Tea Leaf Nation

Online Support — and Mockery — Await Chinese Feminists After Release

The outpouring of derisive comments pretty much proves the activists' point -- China's got a misogyny problem, and the government isn't helping.

HONG KONG-SLUT WALK-CHINA-DEMOCRACY-POLITICS
Woman with writing on their chests that reads "don't get raped" participate in the fourth annual "Slutwalk" rally in Hong Kong on October 26, 2014. This year's Slutwalk was used to highlight issues including the abuse of domestic helpers and reports of sexual assaults on Occupy Central protesters. AFP PHOTO/ Nicolas ASFOURI (Photo credit should read NICOLAS ASFOURI/AFP/Getty Images)

On April 13, Chinese authorities released on bail five feminist activists detained for over a month without formal charges. Despite tight censorship surrounding their detention, support on Chinese social media and thinly veiled media criticism showed that many in China opposed the detention. But an outpouring of online mockery directed at the women, their campaign, and feminism in general also demonstrates the uphill battle that feminist activists face in the world’s most populous country.

The five activists — Li Tingting, age 25; Zheng Churan, age 25; Wei Tingting, age 26; Wu Rongrong, age 30, and Wang Man, age 33 — were detained shortly before International Women’s Day on March 8, a widely celebrated holiday in China, when they had planned to distribute leaflets protesting sexual harassment. Their detention prompted an international outcry: Hillary Clinton, Secretary of State John Kerry, and U.S. Ambassador to the U.N. Samantha Power have all called for the women’s release. Although the five activists are no longer in detention, they remain the suspects of an ongoing criminal investigation and face restrictions on their movement.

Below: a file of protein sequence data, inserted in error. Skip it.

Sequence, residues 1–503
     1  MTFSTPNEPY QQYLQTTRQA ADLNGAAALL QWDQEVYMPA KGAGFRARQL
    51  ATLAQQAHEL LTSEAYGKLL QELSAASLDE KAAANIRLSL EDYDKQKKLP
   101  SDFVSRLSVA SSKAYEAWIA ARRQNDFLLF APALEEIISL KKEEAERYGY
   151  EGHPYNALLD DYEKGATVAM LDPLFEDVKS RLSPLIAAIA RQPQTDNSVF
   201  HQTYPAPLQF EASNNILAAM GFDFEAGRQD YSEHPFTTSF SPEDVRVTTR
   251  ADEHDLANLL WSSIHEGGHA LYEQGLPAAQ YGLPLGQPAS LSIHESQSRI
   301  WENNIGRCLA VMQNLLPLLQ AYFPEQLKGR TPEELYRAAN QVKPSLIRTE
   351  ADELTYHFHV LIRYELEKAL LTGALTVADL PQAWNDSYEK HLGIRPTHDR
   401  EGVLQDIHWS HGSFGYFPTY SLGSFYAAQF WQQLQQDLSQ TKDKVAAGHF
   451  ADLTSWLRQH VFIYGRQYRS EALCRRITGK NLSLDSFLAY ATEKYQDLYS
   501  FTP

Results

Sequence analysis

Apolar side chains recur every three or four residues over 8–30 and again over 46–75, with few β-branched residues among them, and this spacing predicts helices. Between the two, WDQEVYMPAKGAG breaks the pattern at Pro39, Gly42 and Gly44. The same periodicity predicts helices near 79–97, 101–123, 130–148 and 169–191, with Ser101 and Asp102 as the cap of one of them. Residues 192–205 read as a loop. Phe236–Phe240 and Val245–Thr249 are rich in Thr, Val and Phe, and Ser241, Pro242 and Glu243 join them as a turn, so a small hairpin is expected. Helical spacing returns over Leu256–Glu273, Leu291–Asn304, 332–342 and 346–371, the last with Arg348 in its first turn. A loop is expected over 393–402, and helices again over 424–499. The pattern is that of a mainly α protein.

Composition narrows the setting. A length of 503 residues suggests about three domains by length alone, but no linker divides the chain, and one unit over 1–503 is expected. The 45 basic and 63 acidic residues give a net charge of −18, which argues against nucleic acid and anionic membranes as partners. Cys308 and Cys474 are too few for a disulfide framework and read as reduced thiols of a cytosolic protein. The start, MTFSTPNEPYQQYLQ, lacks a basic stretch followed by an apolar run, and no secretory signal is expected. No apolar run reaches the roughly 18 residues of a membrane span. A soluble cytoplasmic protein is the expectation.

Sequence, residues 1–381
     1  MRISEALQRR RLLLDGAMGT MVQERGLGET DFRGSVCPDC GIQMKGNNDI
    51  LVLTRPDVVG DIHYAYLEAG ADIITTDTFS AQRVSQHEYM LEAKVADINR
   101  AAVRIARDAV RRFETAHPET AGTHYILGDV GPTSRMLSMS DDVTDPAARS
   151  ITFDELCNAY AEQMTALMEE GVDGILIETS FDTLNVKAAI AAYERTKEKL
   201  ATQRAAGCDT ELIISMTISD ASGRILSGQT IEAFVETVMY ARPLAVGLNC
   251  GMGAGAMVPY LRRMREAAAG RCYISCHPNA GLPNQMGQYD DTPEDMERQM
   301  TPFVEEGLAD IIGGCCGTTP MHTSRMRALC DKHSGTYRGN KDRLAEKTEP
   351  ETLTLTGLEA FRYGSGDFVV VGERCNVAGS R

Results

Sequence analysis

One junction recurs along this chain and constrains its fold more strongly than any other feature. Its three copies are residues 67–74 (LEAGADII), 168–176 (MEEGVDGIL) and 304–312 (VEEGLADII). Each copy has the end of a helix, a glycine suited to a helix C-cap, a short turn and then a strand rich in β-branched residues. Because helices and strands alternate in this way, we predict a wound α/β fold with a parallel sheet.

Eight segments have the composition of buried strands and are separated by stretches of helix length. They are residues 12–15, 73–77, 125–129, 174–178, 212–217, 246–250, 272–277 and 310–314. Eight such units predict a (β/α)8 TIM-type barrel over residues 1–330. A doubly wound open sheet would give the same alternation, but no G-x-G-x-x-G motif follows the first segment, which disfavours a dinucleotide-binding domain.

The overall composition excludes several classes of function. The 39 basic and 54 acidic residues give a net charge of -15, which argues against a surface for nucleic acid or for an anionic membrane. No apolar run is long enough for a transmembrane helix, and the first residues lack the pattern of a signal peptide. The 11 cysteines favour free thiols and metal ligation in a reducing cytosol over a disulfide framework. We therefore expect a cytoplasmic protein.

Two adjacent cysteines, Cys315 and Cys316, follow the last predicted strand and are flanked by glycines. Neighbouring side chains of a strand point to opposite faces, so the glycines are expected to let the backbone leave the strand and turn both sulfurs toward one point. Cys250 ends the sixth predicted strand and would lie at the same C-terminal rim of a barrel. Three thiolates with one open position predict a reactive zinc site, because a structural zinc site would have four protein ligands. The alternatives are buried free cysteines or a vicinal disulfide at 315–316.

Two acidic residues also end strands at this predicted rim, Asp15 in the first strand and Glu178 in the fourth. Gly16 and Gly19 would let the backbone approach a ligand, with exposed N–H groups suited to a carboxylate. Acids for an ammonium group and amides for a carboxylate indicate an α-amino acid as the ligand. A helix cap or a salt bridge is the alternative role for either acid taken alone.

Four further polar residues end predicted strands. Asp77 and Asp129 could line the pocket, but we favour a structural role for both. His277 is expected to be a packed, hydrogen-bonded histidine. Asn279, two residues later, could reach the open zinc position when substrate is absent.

Tight information control initially surrounded the women’s detention — Chinese media did not report it until April 9, and even then only cited foreign media reports. When the news finally broke, many expressed online support for the activists. Some focused on the lack of sufficient legal and procedural protections afforded to average citizens. “Who knew a few young women opposed to groping on public transportation could frighten the authorities this much?” wrote one user on Weibo, China’s most popular microblogging platform. “Two of them were taken in the middle of the night, by people from the public security bureau who did not have a warrant for their arrest,” wrote another user, who identified herself as a 25-year-old woman. “This could one day happen to the people around us or even to us, all it takes is for the public security bureau to think we are guilty.” Equally distressing to many was the women’s apparent punishment for opposing sexual harassment. The activism was supporting a “national policy of gender equality. If spreading such positive messages gets you arrested (or stops activism from ever happening),” one Weibo user concluded, “let’s also arrest everyone who hands out flyers for restaurants that use gutter oil,” referring to a fetid recycled cooking oil at the center of several national food safety scandals.